How can I secure data on a passive RFID tag so that someone walking by with a reader wouldn’t be able to steal it?
There are a variety of ways to do this, but I should note that in most applications, you would not need to put sensitive information on a transponder. Each RFID tag has a unique serial number. You can store a lot of information about an object in a secure database. When you read the tag, software pulls data associated with the tagged object so you can view it securely. Someone else interrogating the tag without authorization would end up with only a meaningless serial number. This is the best option, in my view, for most applications.
During our RFID Journal LIVE! 2015 conference and exhibition, held in April, global semiconductor company NXP Semiconductors released its Ucode DNA integrated circuit—a passive EPC Gen 2 ultrahigh-frequency (UHF) RFID chip that provides cryptographic authentication. By using a dynamic password that changes every time you read a tag, as well as requiring verification of each password from a server, the Ucode DNA prevents others from reading or cloning the tag (see NXP Releases IC for Secure Encrypted UHF Reads).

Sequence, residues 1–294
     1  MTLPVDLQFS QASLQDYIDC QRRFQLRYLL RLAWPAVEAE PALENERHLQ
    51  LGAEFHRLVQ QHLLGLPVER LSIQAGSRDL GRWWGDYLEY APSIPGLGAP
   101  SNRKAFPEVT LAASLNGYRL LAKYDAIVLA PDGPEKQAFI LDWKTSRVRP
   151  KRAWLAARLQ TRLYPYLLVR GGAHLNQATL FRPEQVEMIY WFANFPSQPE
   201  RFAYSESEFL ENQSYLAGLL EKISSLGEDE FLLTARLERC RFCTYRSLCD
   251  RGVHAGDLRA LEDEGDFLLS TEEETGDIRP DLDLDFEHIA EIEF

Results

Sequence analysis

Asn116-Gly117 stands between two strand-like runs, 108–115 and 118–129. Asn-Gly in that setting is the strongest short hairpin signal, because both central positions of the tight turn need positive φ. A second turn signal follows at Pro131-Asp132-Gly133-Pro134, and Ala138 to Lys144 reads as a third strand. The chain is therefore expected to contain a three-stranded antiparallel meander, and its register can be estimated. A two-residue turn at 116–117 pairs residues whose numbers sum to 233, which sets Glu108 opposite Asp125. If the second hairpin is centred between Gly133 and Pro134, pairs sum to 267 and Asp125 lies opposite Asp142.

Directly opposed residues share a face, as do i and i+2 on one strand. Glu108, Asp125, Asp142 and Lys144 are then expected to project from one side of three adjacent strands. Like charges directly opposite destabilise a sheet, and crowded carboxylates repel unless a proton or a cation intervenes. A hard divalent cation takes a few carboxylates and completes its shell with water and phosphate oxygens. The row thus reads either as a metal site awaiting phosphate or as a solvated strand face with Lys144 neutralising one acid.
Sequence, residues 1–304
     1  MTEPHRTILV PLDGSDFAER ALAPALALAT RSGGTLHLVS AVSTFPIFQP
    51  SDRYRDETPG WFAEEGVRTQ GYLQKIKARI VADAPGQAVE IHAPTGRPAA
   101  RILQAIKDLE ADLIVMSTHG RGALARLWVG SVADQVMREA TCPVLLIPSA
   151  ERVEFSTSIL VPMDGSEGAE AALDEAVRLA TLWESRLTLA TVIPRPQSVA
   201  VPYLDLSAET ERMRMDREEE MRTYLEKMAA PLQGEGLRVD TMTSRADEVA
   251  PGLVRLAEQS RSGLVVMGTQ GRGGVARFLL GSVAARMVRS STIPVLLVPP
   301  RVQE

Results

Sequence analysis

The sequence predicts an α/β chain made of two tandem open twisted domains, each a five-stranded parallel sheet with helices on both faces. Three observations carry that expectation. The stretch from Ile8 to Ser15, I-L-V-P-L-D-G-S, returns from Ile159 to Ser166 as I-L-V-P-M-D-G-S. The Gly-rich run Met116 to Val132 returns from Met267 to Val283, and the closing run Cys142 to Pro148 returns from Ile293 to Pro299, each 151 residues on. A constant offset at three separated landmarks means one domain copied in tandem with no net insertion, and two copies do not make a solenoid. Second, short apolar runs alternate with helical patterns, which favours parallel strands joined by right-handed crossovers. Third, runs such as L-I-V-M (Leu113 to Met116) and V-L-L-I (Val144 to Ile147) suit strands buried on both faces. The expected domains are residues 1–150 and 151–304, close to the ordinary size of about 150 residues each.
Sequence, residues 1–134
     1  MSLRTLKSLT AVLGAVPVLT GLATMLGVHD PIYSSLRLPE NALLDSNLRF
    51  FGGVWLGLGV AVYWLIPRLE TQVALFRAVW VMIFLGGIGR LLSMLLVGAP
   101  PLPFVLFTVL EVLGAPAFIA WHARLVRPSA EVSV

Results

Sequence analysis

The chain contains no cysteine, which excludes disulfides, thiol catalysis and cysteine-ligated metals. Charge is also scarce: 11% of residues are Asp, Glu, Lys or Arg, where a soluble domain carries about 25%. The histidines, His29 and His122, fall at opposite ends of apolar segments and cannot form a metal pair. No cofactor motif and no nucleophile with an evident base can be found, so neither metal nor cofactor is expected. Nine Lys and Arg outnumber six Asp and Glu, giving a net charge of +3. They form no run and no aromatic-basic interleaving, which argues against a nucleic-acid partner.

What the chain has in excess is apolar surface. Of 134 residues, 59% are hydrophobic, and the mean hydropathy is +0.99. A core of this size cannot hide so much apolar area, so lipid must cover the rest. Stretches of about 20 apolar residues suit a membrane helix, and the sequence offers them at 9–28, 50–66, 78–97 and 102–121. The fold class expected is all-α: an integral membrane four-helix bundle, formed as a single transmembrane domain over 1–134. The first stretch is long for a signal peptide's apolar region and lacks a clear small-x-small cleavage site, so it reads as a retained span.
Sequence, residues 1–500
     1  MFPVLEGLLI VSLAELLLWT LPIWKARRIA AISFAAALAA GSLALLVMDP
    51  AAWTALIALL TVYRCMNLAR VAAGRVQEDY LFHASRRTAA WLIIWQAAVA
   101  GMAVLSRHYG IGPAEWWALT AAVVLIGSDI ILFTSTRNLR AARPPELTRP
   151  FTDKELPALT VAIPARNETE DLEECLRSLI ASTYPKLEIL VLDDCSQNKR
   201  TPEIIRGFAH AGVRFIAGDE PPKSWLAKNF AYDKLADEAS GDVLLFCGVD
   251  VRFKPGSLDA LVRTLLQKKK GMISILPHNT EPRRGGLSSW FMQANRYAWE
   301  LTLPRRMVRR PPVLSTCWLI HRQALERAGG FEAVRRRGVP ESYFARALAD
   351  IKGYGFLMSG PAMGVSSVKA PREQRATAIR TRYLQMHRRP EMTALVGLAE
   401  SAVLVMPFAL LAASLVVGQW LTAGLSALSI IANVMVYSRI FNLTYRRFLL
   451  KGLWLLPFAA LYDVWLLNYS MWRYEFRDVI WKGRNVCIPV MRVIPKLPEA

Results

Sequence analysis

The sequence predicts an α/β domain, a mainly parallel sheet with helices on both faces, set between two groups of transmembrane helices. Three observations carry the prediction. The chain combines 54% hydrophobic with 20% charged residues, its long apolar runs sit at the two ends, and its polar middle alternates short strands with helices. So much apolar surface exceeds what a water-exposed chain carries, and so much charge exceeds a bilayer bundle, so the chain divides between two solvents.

You could also encrypt the data yourself, write it to the tag, read the encrypted information and then decrypt it. This would prevent anyone from obtaining useful information from the tag’s user memory.
—Mark Roberti, Founder and Editor, RFID Journal
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